Electrical burns occur when a person comes into contact with a high-energy current. The energy will then flow throughout the body, resulting in a shock.
Exposure to such energy may result in life-threatening situations and damage the internal body organs.
What are Electrical Burns?
An electrical burn is a form of tissue injury that happens when an electric current passes through the body, causing rapid damage.
According to the Agency for Clinical Innovation, around 20 fatalities occur due to electrical injuries every year. Electrical burns can be even more deadly than thermal and chemical burns, as they cause far more subdermal damage.
This means that although it does cause damage on the surface, it also destroys the skin tissues underneath. As a result, many casualties have trouble accurately diagnosing the burn’s severity.
The damage can be mild or severe, but in extreme cases, electrical injuries can cause shock to the brain, heart strain, and injury to major body organs.
Here are common organs affected by electrical burns.
Heart – The person may suffer from abnormal heart rhythm following the injury. It can cause the heart to stop, or in standard medical terms, “cardiac arrest.”
Kidney – As a consequence of an electrical shock, the kidney can stop functioning normally.
Bones and Muscles – The electrical current can damage the muscle cells, causing the tissue to leaking into the blood in a process called “rhabdomyolysis.” It can also result in acute compartment syndrome, the abnormal pressure build-up in muscle groups.
Nervous system – The injury can make people lose consciousness, muscle weakness, and cause ear or eye damage.
The external appearance of a burn does not accurately show the extent of the damage. In most cases, internal tissues and organs receive far more damage than the skin.
Signs and Symptoms
Electrical burns may vary in severity depending on different factors. These include the length of exposure to an electric source, the type of current, and the route it takes through the body. Some may be deep, while others cause damage in multiple areas. These injuries can minor on the outside but could be severe inside.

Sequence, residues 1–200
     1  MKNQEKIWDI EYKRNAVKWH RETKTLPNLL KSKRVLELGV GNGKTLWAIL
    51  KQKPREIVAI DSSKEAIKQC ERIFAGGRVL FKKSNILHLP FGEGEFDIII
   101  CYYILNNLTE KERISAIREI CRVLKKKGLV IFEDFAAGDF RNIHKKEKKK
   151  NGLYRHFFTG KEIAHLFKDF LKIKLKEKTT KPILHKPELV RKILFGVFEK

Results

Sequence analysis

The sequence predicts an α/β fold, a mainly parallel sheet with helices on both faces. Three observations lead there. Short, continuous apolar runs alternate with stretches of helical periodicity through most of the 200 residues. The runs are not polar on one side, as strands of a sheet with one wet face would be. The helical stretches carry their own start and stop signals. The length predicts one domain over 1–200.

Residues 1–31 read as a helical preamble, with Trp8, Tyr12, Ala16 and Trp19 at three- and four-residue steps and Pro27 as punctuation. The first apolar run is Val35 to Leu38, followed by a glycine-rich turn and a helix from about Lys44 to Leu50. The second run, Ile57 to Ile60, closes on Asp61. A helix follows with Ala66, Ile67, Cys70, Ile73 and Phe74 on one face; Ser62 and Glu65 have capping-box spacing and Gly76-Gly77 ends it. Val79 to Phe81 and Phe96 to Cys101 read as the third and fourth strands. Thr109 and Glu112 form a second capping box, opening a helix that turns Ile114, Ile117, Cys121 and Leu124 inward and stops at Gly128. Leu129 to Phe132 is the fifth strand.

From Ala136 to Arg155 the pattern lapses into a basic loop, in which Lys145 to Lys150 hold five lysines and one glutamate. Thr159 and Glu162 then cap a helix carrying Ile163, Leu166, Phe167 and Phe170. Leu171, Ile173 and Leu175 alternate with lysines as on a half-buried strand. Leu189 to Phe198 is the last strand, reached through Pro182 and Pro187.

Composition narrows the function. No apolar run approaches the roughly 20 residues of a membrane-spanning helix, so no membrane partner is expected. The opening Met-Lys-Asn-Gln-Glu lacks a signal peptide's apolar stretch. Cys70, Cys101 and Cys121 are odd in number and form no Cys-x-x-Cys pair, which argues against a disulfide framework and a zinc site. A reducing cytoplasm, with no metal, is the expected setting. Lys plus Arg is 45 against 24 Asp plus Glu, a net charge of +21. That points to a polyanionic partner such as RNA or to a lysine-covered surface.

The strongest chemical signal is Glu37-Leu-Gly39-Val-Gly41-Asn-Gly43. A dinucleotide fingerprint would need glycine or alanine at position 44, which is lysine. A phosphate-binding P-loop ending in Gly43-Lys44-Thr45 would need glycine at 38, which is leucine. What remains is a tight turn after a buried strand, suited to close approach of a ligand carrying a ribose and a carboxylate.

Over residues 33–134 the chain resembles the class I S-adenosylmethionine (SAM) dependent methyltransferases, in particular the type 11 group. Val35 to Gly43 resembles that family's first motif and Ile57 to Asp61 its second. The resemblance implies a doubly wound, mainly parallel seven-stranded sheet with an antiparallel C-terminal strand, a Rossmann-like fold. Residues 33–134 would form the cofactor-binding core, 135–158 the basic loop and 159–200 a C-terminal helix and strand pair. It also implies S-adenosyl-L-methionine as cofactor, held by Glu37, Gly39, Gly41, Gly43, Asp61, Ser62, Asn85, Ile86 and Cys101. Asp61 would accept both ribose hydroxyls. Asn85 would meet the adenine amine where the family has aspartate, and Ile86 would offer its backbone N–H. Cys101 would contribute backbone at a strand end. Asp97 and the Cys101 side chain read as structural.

Electricity can cause different levels of skin burns, depending on the layer of the skin that is affected.
A superficial burn is when the damage only reaches the top layer of the skin. It may cause redness, drying, and pain. Pressing the burn can turn the skin white.
A partial-thickness burn is a second-degree in which it affects the dermis and epidermis. Symptoms may include skin redness, leak of fluids, and blisters forming.
Full-thickness is the most severe, where the burn affects all layers of the skin. In such cases, the person often doesn’t feel anything (due to nerve damage), and the skin appearance may be white, grey, or black.
Other symptoms will depend on the damage done to the internal organs.
First Aid Treatment
Electrical burns can be life-threatening. Call for help and dial triple zero (000) for medical assistance.
Take these first aid actions while waiting for the ambulance.
Turn off the source of electricity (when possible)
Ensure that all power sources are off before approaching the scene and the casualty. The subsequent actions will depend on whether the risk comes from high or low voltage electricity.
Try to move the source away from you and the casualty using a dry, non-conducting object – such as a large piece of cardboard, plastic, or wood.
Breathing emergencies are common in electrical injuries. Open the airway by lifting the person’s chin, with the head slightly tilted. If you’re unable to clear their airway in their current position, roll them into the recovery position. Check the mouth for any obstructions.
If there are no signs of breathing or circulation, it’s time to begin CPR as soon as possible.
If an AED is available in the vicinity, get someone to fetch and switch it on. Follow the voice and visual prompts coming from the device to begin defibrillation.
Apply a bandage
Cover the burn with a sterile gauze bandage. If unavailable, use a clean cloth to avoid risks of infections. Avoid using towels or blankets with loose fibres as there is a tendency to stick with the wound.
Even if the casualty appears well, it is still best to take them to the nearest hospital or medical facility for a thorough examination. Specific body organs and systems may develop a shock a few hours after the injury.
Find out more
Perform rescue from a live LV Panel, or Low Voltage Rescue Training is available to raise safety awareness for everyone. The course will cover essential topics, including emergency procedures to rescue a victim of electric injuries and assessing hazards to rescuer, victim and others.
The training course is designed for both first aiders and non-first aiders, equipping them with the necessary knowledge and skills in electrical safety.